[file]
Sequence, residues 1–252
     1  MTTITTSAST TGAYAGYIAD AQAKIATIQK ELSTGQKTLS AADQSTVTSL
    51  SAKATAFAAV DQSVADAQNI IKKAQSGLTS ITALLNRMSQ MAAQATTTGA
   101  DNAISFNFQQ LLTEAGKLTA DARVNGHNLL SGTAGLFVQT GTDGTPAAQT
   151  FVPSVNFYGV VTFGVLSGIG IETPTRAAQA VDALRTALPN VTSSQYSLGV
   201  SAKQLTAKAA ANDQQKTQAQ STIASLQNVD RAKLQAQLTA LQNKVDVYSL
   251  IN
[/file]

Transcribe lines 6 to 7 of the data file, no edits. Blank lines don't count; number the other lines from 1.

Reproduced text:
   201  SAKQLTAKAA ANDQQKTQAQ STIASLQNVD RAKLQAQLTA LQNKVDVYSL
   251  IN